I messaged my friend and community garden veteran Mimi. To my horror, she confirmed my suspicions: someone I didn’t know well, but who I had got to know more in the garden only recently.
I remember it was a sunny afternoon and I was sitting in my favourite sunny spot by the herb garden doing my observations for my permaculture design course.
He was there with his daughter who was running around the raised beds with some other children. It was a beautiful autumnal day and I basked in the warmth of the sun. He asked me about what I was doing and told him about my permaculture design project I was doing for the garden.
We chatted about the plants and spoke about how long we had been involved in the community garden. Since we were both foreigners in this city, we compared notes on how long we had lived here and what we liked about the city.
It was a pleasant conversation and I enjoyed his company. After about ten minutes or so he had to leave and called his daughter to go with him.
She was beautiful, his daughter.
She had long chestnut hair and bright green eyes. Like most three year olds, she was brimming with life and vitality.
I bumped into him again in a well known cultural centre in the city called La Casa Encendida. I was doing some writing in one of the open work spaces. At that time, it was still mandatory to wear face masks indoors and the security guards prowled around for those pesky visitors like myself who had it placed under their nose.
We spoke briefly in passing. He told me he worked as a photographer there and had just finished for the day. I told him about my blog and what I was writing about before he made his way home.
Out of the blue a few days later, I was surprised to receive a WhatsApp from him asking me if I wanted to go out for a coffee or a walk in the botanical gardens with him. He must have got my number from one of the community garden WhatsApp groups.
Obviously, I had to turn him down and jokingly told him that my partner wouldn’t be so pleased about it. We chatted briefly. He told me how he had recently separated from his wife. Finally he said:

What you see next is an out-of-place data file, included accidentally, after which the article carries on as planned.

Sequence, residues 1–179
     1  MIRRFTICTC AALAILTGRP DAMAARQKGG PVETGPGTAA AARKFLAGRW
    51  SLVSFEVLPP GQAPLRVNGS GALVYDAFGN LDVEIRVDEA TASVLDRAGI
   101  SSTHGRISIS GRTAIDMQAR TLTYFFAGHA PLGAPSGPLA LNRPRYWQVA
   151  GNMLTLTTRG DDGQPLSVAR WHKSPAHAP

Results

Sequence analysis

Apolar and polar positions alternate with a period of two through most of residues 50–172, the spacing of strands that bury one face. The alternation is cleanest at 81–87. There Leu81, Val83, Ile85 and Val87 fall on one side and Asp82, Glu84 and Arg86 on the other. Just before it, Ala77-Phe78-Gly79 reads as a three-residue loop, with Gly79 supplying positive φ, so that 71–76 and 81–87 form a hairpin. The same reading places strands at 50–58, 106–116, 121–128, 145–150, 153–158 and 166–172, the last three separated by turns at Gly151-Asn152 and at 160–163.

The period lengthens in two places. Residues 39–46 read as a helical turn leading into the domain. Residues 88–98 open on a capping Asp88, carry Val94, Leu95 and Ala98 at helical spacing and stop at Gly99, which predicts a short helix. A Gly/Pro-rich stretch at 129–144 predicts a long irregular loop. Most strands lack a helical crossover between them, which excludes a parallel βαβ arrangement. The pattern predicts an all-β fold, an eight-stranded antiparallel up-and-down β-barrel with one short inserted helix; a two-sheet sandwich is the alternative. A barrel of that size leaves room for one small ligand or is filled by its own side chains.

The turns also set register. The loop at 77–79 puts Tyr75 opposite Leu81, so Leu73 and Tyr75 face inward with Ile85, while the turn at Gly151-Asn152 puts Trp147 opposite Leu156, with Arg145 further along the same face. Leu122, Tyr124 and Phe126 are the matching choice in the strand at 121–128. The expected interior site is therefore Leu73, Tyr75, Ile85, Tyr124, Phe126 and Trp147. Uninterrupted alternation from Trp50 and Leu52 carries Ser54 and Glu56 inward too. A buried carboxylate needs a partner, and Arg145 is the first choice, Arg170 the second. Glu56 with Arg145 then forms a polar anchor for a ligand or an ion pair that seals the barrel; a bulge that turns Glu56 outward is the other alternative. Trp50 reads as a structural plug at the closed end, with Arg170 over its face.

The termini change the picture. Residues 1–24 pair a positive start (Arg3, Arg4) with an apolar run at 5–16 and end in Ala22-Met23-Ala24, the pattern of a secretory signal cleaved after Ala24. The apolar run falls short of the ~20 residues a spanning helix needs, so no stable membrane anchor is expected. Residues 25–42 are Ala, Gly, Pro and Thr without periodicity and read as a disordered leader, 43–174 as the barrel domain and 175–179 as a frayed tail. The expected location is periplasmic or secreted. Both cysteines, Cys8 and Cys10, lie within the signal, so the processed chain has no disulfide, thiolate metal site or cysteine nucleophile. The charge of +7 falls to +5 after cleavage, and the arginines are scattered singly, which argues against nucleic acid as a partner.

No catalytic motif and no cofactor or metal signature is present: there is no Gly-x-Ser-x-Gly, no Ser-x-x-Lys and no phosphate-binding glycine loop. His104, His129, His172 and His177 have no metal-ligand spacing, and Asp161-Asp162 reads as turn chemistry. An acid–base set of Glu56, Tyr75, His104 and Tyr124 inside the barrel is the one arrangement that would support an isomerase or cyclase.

“I hope you are happy with your partner. Look after each other, talk a lot, don’t stop doing the things you both love. Un saludo Olivia, me permito un piropo: eres preciosa. Adios”
(Goodbye Olivia, I allow myself to give you a compliment: you are beautiful).
I blushed to myself, as a flush of pleasure passed through me. I’m not going to lie, it was nice to receive some male attention after so long in a relationship and two years of pandemic.
That’s why it felt so sickening when I fully understood the full extent of what had happened:
He had killed his daughter, left a note and then hung himself.
How do you possibly digest this kind of information?
It comes at you like a cold hard shock out of nowhere. Your mind goes numb and you are momentarily rooted to the spot. The information enters the brain and swirls around the intellect, swimming in circles like an eel eating its own tail thrashing around as it tries to to work its way in.
My heart could not accept it. It resisted breaking, yet resistance was futile. It crumbled under the weight of full understanding, which slowly seeped into my consciousness like a toxic gas.
A horrific scene formed in my imagination.
I didn’t know what to do, but I had to do something. So when my friend Mimi invited me to her flat, I put on my shoes and went. I had to move, to act, to speak to someone.
Speaking to someone who was also part of the community garden and who had known him quite well made it more real. We sat and drank tea in her small living room. She told me that she had known that he was unwell, but she hasn’t realised how unwell. We sat dazed and confused as we tried to make sense of this awful situation.
All I kept thinking was:
“Julien, what did you do?”
“What did you do?”
But it was too late. He was dead and he had taken his beautiful daughter with him.
In these kinds of unthinkable situations, you need your community. We needed to come together and share our grief, confusion and outrage. People in the WhatsApp group began to organise a gathering in the main square near Mimi’s house. When we arrived, a handful of people were already there, their long, dazed faces an expression of sadness and shock.
But we didn’t know what to say to each other and everyone seemed to be avoiding eye contact. There were no hugs or supportive embraces. We clearly didn’t feel like we were close enough on that level for that. Instead, everyone just kept saying. “No lo puedo creer”. I can’t believe it.
Candles had been placed on the floor in front of us. More people began to arrive. People from the neighbourhood who felt the call for solidarity, since this neighbourhood was where Juilen and April had lived.